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NEW YORK — The FBI would like us to think it is incompetent — that documents it should have turned over to the defense teams of Timothy McVeigh and Terry Nichols just got lost in the shuffle.
Do you buy it? I don’t.
It is particularly hard to accept given the latest revelations by an intrepid TV reporter from Oklahoma City, Jayna Davis, who says she tried to turn over evidence of a wider conspiracy in the Oklahoma City bombing that killed 168 people April 19, 1995, but was rebuffed.
The FBI’s rationale for turning Davis away? According to what federal officials told producers of Fox News Channel’s “The O’Reilly Factor,” they didn’t want to accept the uncorroborated leads because they would have to disclose them to the defense teams.
In other words, the FBI didn’t want to investigate any leads that didn’t fit in with its preconceived notion that McVeigh and Nichols acted alone.
Now, keep in mind the FBI has simultaneously been boasting that the investigation of the Oklahoma City bombing was the largest and most sweeping probe in the agency’s history — involving 2,000 agents and 20,000 witness interviews. The bombing was the worst terrorism incident in the history of the United States. Yet, the FBI admits it turned a blind eye to potential evidence in the criminal case.
Does this make sense?
There’s more here than meets the eye. It seems the FBI has, through what it claims is a procedural malfunction, set the stage for mistrials in the convictions of McVeigh and Nichols. Not only did the FBI admittedly withhold documents required under disclosure rules, it also limited the scope of its investigation so as not to jeopardize the convictions of two men who clearly had a role in the bombing.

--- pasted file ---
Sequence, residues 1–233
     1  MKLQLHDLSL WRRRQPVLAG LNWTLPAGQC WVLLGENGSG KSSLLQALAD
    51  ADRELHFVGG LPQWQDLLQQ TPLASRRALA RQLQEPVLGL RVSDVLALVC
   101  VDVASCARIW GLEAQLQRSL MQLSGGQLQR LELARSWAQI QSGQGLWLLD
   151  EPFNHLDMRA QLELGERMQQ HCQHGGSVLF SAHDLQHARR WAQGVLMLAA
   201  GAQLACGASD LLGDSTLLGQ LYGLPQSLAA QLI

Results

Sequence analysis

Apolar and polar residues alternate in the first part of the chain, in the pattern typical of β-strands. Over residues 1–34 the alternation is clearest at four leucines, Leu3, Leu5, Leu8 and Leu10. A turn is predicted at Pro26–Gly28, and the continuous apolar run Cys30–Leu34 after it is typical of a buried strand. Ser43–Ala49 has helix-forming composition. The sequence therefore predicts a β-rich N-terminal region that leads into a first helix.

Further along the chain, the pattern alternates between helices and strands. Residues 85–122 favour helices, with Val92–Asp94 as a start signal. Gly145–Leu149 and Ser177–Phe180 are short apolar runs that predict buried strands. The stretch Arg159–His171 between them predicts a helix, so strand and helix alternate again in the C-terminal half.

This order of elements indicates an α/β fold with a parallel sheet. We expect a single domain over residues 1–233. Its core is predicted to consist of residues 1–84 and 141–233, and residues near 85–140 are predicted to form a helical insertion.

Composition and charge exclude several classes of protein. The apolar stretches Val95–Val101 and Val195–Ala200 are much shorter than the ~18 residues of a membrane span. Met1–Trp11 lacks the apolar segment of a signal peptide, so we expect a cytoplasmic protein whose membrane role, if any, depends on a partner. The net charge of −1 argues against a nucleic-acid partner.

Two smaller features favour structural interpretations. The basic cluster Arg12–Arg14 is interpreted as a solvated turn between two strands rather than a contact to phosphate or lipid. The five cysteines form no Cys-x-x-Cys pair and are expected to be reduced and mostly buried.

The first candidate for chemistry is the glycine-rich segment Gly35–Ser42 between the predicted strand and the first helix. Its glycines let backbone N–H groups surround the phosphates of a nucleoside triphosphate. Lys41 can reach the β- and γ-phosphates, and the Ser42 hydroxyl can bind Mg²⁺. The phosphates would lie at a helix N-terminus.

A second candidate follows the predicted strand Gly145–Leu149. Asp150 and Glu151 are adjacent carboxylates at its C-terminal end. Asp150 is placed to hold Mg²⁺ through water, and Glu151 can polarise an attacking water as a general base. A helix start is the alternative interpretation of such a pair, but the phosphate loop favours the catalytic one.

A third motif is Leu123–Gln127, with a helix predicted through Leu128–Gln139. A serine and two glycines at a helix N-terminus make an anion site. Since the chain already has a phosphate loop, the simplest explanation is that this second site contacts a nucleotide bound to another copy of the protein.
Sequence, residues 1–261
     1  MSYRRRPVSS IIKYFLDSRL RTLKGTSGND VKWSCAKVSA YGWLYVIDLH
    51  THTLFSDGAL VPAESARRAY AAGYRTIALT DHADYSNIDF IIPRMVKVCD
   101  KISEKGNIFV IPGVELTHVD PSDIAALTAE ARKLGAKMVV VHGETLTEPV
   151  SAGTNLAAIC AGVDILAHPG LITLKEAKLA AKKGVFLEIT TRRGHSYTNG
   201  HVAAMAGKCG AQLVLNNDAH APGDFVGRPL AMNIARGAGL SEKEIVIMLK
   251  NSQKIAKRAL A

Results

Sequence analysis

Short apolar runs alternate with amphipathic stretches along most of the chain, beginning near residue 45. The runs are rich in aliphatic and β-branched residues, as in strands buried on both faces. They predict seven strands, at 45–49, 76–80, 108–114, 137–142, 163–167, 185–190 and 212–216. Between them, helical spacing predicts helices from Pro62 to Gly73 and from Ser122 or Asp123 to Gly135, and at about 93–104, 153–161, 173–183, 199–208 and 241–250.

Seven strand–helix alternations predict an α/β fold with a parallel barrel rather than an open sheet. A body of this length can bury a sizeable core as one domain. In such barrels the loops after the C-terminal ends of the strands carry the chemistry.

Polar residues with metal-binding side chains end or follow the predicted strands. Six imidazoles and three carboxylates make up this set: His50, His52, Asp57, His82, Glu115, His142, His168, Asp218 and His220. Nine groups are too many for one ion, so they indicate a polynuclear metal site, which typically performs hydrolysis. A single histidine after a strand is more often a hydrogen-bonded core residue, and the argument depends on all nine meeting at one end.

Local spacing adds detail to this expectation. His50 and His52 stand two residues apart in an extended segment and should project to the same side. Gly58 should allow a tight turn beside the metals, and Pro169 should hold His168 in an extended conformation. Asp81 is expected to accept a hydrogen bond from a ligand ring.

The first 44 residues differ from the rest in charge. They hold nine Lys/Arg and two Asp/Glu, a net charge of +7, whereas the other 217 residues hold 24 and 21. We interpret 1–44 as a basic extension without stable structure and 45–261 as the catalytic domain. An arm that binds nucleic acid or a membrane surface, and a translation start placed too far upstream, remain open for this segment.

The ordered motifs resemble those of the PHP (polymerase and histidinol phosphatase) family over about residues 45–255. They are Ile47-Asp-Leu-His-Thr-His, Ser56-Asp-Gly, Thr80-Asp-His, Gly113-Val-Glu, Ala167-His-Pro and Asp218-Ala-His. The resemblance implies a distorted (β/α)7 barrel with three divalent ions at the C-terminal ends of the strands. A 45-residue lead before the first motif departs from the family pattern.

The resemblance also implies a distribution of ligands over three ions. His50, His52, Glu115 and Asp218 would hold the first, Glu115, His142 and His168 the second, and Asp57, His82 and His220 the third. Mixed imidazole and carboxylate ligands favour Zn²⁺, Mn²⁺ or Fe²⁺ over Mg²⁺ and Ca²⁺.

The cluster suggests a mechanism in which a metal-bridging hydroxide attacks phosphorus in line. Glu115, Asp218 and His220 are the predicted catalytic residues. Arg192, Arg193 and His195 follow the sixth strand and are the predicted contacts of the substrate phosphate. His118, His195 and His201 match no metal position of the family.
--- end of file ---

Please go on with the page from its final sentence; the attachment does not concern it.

I once had enormous respect for the FBI. Maybe I was wrong. But that respect is gone, shattered. It is now more evident to me than ever that the founders were right all along about the limits on the power of the federal government — particularly police powers.
I’ve got to believe now that it is time to think what for most Americans is still probably the unthinkable — that it’s time for the FBI to be disbanded.
The FBI has lost any vestige of trust and integrity. The McVeigh case is simply the last straw. The FBI brought us the Waco disaster. The FBI gave us the Wen Ho Lee debacle. The FBI brought us Robert Philip Hanssen. And now the FBI has jeopardized the cause of justice in the Oklahoma City bombing.
Whether through incompetence (as hard as that may be to believe) or negligence, it’s time for the American people to start debating the future of the FBI and, frankly, whether it does the nation more harm than good. That is how serious these breaches of the public trust are.
After all, the FBI has proved itself incapable in recent years of getting to the bottom of some of the biggest criminal investigations. So what’s the point?
Some of you might say: “Well, Farah, we need the FBI to keep tabs on threats to our national security.”
I used to think like that. Yet, in the 1990s we watched in amazement as the FBI showed it was not up to the task of keeping illegal foreign money from buying American political races. And when those “investigations” were over and the books were closed, the FBI refused even to allow the American people to learn what the agency had found in tracking illegal foreign political contributions.
I no longer believe our government. And I especially am suspect of anything we hear from federal police agencies. It’s not only time to retire the FBI, it’s past time to demobilize the Bureau of Alcohol, Tobacco and Firearms, the armed Internal Revenue Service agents, the armed enviro-cops, the housing Gestapo and the sum total of perhaps 80,000 armed federales who have crept into our system of justice in this country and turned it into a system of injustice.
Maybe this is where gun-control efforts ought to be waged — controlling the number of guns the government is pointing at the citizens of a supposedly free country.
Will the American people awaken to the fact that they have lost all accountability with government police agencies? If the Oklahoma City bombing case doesn’t provide the wakeup call, what will it take?